Does the Roman Catholic Church have a view on Christian perfection or entire sanctification? If so what is it? To what degree do they believe believers can experience any amount of freedom from sin in this life?
Essentially the answer is "No, for most people the believer cannot be perfectly free from sin in this lifetime. Indeed, the case is even worse. We must constantly fight against the concupiscence (bias toward sin) we inherit through original sin. Through God's grace present in the Sacraments the believer may gain forgiveness of sins, and she must aim for perfection throughout her life, but she cannot hope to achieve it for more than a relatively short amount of time, so that she must be constantly on guard against sin." Catholicism does not admit the impossibility of perfection in this lifetime, but does point out its obvious rarity and difficulty "since all have sinned and fall short of the glory of God." All is not lost, however, because any lack of perfection is rectified after death in purgatory. It's theologically inescapable that this must occur either before or after death because Rev 21:27 makes clear that nothing in any way imperfect or impure or sinful can be in God's presence.
"Entire sanctification" is not a phrase typically used in Catholic theology. It's a fair question, though, to ask "To what extent do Catholics believe Christians can be free from sin in this life?"
Certainly believers are called to strive for perfection:
All the faithful of Christ of whatever rank or status, are called to the fullness of the Christian life and to the perfection of charity.
(Lumen Gentium, section 40)
In Article 4 of the Catechism of the Catholic Church, titled "The Sacrament of Penance and Reconciliation", we find a reminder:
"You were washed, you were sanctified, you were justified in the name of the Lord Jesus Christ and in the Spirit of our God" [1 Corinthians 6:11] One must appreciate the magnitude of the gift God has given us in the sacraments of Christian initiation in order to grasp the degree to which sin is excluded for him who has "put on Christ." But the apostle John also says: "If we say we have no sin, we deceive ourselves, and the truth is not in us."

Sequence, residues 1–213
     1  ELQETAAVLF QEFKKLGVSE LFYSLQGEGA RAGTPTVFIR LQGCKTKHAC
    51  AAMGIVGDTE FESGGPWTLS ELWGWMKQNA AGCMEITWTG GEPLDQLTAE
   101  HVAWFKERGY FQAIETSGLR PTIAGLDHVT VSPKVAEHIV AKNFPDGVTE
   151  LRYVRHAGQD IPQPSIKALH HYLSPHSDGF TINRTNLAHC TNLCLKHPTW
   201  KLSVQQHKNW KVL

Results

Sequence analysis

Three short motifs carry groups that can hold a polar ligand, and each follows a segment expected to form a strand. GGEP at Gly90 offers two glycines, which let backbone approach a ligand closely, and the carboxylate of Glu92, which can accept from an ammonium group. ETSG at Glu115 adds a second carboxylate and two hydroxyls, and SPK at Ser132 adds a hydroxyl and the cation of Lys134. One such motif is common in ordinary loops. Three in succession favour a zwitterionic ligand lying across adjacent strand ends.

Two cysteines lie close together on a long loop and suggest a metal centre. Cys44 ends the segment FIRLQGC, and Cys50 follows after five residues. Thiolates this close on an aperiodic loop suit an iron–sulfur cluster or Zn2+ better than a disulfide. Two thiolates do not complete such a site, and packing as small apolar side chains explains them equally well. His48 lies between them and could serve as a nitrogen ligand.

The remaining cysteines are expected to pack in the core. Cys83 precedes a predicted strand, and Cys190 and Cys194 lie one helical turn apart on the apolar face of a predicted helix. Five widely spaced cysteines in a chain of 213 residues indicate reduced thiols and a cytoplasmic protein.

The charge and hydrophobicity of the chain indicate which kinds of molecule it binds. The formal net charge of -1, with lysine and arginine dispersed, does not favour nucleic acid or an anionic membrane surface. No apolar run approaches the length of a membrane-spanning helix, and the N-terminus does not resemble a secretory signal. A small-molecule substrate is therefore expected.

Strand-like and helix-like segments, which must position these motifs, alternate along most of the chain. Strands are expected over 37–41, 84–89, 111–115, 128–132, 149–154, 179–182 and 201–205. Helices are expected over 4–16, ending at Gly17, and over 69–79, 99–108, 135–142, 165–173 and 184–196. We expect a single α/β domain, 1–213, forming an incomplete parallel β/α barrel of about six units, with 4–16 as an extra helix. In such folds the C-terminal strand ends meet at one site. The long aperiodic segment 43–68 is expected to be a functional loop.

(Catechism, paragraph 425)
Catholics believe that the Virgin Mary was not only free from original sin, but entirely free from personal sin throughout her whole life. However, this was a special grace of God for her, not a result purely of her own effort:
The Fathers of the Eastern tradition call the Mother of God “the All–Holy” (Panagia) and celebrate her as "free from any stain of sin, as though fashioned by the Holy Spirit and formed as a new creature." By the grace of God Mary remained free of every personal sin her whole life long.
(Catechism, paragraph 493; emphasis added)
This special grace, called the Immaculate Conception, was given only to Mary to equip her for the unique task of bearing God in her womb. It was a special appropriation of the merits of Christ obtained on the cross and applied out of the sequence of time so that Mary, too, receives salvation only through the one door to the Father, Jesus Christ. Note that we too, obtain whatever level of perfection we do in this life through grace, specifically sanctifying grace. It is not by our own merits that we are sanctified, but rather the gifts we receive from the Holy Spirit. These gifts are imparted to us through the sacraments by the Holy Spirit from the store of merits earned by Christ on Calvary. From the Catechism of the Catholic Church: